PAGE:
I usually preach on the Midnight Mass readings that tell us about the birth itself, about the angels and about the shepherds, but this year I want to talk about the gospel that tells us all the things that led up to the birth of Jesus. I want to talk about St. Joseph, the man who could change his mind when faced with unwanted realities.  

Some of us are proud of the fact that we made up our minds about something years and years ago and that we are not about to change them now. We may even think that our inflexibility is a virtue. St. Joseph teaches us that, to follow the will of God, we sometimes have to be able to change our minds.
Here's the short version of how St. Joseph was able to change his mind. Mary and Joseph were engaged to be married. Mary became pregnant before the wedding and told Joseph that she had conceived through the power of the Holy Spirit. Joseph refused to believe it at first. He may have even showered Mary with some harsh words. In response to this unwanted news, he made up his mind to divorce Mary quietly when an angel appeared to him in a dream, confirming Mary's explanation and telling him not to be afraid to proceed with the wedding. Joseph woke up with a changed mind, proceeded with the wedding and accepted his new family.

Changing one’s mind is so important in our relationships to God that "change your mind" is the very first challenge that came out of Jesus’ mouth when he began his ministry. We read about it every first Sunday of Lent. The word he used is “metanoiete” in the Greek text of Scripture.   It means, “Change the way you look at things! Change the way you see! To see what God is up to, it takes a radical change in the way you look out at things.”  By being able to change his mind and look at the Mary's pregnancy with new eyes, Joseph was able to see that he was actually part of a great plan that God had formed long ago - not being duped by an unfaithful fiancĂ©e as the situation first appeared to be!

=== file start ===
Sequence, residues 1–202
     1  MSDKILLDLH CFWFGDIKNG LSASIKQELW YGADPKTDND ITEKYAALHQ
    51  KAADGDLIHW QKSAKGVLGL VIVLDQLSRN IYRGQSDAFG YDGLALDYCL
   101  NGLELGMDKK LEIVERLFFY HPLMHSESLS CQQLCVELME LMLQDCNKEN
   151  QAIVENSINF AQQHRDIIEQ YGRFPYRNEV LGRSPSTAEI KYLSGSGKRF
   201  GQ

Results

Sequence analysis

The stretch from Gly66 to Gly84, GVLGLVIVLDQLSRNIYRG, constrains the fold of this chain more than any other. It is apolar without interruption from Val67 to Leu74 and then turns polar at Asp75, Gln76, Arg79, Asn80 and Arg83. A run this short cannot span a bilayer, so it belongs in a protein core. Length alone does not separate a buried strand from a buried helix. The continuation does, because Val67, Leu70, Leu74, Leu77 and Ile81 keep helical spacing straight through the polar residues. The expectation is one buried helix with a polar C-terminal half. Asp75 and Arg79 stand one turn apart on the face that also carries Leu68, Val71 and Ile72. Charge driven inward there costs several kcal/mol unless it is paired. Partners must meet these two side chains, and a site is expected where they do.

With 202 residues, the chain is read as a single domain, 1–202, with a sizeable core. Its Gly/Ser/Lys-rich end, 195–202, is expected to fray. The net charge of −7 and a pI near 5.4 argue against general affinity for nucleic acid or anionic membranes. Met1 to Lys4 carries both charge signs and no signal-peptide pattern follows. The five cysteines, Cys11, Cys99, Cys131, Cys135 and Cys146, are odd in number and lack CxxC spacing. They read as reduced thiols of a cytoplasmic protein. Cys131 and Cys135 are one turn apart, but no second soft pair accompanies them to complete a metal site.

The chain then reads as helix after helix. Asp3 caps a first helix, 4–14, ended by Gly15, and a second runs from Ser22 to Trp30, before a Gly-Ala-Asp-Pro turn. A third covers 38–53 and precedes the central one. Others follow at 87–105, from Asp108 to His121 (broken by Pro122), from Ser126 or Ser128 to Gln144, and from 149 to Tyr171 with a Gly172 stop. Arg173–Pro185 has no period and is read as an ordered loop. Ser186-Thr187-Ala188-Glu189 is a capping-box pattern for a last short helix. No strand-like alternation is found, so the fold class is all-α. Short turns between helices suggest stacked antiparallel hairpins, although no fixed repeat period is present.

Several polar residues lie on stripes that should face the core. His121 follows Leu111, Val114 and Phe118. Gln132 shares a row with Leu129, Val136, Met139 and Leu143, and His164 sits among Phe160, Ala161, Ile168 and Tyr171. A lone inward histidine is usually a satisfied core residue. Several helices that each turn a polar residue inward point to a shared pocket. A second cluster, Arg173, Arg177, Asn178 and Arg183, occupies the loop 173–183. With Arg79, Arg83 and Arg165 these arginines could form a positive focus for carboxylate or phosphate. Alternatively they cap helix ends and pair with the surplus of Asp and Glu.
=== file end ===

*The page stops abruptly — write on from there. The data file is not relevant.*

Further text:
St. Joseph teaches us this Christmas that we sometimes have to “let go and let God” and find a way to embrace some very painful unwanted realities if we are to move forward in life. St. Joseph teaches us that letting go in life can be very hard, but trying to hold onto to an idea we love can sometimes makes life even harder.   
(1)    If parents want their children to grow into healthy adults, they have to “give them up” over and over again. They have to put them on the school bus that first day, even though they cry and resist and every bone in their body wants to hold onto them and keep them home.  They have to “let go” when they learn to swim, when they go off to camp, when they learn gymnastics, when they learn to drive, when they leave home for college and when they walk down the aisle to begin their own life. If they “let go,” new life is possible for those children. If they try to hang on to them and cling to their childhoods, they will retard any possible growth into self-sufficient adults.  

(2)    If someone is addicted and wants to be free, old patterns and old friendships and old thinking have to die and be buried before a new way of living is possible. They cannot hold onto past behaviors and take on new ones at the same time. The old way of living must die, before a new way of living can be born.

(3)    If someone is in a relationship that is not healthy and life-giving, letting go of it is very much like a death that one must go through before a new life and a new beginning and a new relationship can come to life. One must be willing to let go of familiar territory to reach new lands. The in between time is what scares people. That’s why abused spouses often return to their abusers: this in-between time is so scary that they return to what is familiar. By holding on to the past, they actually kill any possibility of moving into a new way of living.